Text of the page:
Farmington redevelopment plan from 2009 being updated
Target area includes downtown, Civic Center, hospital
- The update is being funded in part by a grant from New Mexico Main Streets and from the New Mexico Finance Authority.
- The Metropolitan Redevelopment Area essentially encompasses the area between Apache Street, Butler Avenue and West Murray Drive.
- The MRA plan of 2009 eventually led to the Complete Streets project and the remodeling and expansion of the Civic Center.
FARMINGTON — Farmington’s Metropolitan Redevelopment Area plan has helped the city hire consultants to develop the Complete Streets plans, encourage developers to transform a trailer park into apartments and led to zone changes at businesses, according to senior planner Cindy Lopez.
The city is now in the process of updating the plan, which was created in 2009.
“Just having a plan helps developers feel comfortable with coming down and working here,” Lopez said.
The update is being funded in part by a grant from New Mexico Main Streets and from the New Mexico Finance Authority.
The Metropolitan Redevelopment Area essentially encompasses the area between Apache Street, Butler Avenue and West Murray Drive. This includes downtown Farmington, the Civic Center and the San Juan Regional Medical Center.
The 2009 plan identified five opportunity areas within the Metropolitan Redevelopment Area: the Animas riverfront, the Civic Center, the San Juan Regional Medical Center, the historic downtown gateway and the area west of the medical center.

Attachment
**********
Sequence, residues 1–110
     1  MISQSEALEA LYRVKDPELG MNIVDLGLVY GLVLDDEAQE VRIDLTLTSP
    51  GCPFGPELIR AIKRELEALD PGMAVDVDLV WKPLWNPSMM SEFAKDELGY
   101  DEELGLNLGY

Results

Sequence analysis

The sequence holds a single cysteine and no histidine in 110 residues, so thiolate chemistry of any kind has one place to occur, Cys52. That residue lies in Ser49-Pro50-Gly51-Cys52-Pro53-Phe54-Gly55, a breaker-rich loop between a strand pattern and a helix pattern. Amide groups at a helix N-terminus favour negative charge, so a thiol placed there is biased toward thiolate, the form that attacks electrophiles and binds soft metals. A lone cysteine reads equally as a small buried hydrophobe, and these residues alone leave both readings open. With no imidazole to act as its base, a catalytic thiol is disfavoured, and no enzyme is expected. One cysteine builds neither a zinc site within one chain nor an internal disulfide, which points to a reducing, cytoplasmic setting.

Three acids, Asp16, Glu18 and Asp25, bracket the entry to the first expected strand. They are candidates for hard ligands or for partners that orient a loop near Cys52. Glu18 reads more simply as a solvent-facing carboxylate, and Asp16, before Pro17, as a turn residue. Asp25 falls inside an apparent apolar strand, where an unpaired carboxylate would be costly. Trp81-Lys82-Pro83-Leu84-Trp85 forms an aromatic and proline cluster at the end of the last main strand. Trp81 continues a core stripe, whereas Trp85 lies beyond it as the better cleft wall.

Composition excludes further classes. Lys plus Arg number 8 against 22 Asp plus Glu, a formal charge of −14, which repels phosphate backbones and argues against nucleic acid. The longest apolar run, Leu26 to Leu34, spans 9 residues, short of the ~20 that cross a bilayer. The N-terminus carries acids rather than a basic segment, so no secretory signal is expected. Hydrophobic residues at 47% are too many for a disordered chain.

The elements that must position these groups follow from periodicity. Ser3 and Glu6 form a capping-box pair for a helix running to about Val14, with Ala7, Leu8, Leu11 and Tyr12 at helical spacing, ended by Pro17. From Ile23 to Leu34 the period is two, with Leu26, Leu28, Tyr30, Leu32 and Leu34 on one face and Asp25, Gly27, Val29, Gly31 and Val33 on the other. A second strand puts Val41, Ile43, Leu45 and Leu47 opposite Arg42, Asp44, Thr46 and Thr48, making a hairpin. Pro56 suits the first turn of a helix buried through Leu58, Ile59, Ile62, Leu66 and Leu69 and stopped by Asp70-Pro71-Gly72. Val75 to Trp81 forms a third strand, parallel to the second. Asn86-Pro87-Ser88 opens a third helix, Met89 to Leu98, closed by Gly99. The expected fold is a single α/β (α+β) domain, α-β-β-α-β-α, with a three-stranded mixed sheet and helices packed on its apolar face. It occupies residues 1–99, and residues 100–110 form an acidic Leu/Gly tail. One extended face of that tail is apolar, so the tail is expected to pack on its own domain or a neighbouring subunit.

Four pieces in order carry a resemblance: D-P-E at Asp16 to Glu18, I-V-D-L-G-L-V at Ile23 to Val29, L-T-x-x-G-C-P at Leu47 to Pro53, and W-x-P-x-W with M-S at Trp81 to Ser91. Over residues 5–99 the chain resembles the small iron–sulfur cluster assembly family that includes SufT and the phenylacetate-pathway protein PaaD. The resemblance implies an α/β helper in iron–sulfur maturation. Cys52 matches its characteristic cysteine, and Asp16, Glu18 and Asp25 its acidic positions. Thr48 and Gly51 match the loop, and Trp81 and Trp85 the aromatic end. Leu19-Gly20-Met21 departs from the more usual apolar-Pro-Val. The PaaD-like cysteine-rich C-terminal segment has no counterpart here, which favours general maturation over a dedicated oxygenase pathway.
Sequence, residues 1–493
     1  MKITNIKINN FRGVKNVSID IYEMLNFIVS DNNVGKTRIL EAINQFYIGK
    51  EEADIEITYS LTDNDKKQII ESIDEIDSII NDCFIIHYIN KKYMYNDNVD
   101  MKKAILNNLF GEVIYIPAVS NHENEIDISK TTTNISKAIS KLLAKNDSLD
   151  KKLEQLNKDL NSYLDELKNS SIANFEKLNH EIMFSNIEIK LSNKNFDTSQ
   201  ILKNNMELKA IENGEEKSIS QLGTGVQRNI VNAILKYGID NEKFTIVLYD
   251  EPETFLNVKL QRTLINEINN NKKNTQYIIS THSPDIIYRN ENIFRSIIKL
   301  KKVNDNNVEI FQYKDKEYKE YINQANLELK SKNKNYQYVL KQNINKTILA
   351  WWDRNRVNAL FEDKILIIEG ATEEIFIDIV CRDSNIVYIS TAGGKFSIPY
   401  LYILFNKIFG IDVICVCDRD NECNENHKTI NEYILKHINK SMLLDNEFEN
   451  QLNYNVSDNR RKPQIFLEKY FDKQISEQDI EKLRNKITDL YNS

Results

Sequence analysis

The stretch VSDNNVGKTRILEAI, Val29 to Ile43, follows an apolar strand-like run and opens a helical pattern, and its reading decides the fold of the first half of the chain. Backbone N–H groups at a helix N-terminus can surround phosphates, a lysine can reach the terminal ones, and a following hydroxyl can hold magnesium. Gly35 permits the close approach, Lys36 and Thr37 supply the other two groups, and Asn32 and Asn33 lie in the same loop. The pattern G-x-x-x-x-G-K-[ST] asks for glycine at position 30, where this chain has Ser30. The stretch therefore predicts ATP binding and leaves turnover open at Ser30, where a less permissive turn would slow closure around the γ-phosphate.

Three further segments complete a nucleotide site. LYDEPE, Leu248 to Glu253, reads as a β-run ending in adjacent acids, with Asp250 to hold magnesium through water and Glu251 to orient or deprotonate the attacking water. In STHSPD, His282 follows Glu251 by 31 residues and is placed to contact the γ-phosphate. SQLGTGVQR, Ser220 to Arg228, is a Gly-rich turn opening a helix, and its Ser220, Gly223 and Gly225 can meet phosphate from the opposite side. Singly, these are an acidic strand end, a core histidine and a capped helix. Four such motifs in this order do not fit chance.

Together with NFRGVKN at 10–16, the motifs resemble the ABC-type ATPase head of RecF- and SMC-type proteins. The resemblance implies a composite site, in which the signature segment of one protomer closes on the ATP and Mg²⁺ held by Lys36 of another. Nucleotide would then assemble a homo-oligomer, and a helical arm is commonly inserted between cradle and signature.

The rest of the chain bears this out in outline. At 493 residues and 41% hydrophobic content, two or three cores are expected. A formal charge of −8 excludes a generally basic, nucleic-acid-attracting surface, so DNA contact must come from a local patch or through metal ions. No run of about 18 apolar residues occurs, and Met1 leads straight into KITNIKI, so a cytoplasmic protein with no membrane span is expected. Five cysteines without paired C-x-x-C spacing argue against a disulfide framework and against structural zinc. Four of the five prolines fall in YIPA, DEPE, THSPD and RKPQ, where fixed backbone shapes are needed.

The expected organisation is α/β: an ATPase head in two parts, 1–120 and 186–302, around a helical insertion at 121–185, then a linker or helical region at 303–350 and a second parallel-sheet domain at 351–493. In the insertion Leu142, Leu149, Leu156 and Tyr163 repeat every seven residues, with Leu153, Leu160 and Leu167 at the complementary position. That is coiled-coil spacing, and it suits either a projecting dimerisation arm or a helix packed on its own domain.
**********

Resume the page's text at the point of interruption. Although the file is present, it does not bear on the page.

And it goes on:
The MRA plan of 2009 eventually led to the Complete Streets project and the remodeling and expansion of the Civic Center.
Assistant city manager Julie Baird told the MRA commission on Wednesday that the update will likely look at the Civic Center’s expansion.
“What does that district’s future look like as a result of the expansion?” Baird asked.
The update likely will look at the Civic Center’s surrounding neighborhoods and examine how to redevelop the area in light of the remodel and expansion that is underway. It also will examine the future of the Animas District, which encompasses the San Juan Regional Medical Center and stretches to the Animas River. The city would like to connect the Animas District with downtown.
“The Animas District has a lot of potential,” Lopez said.
A copy of the 2009 MRA plan can be viewed online at fmtn.org.
Hannah Grover covers government for The Daily Times. She can be reached at 505-564-4652 or via email at email@example.com.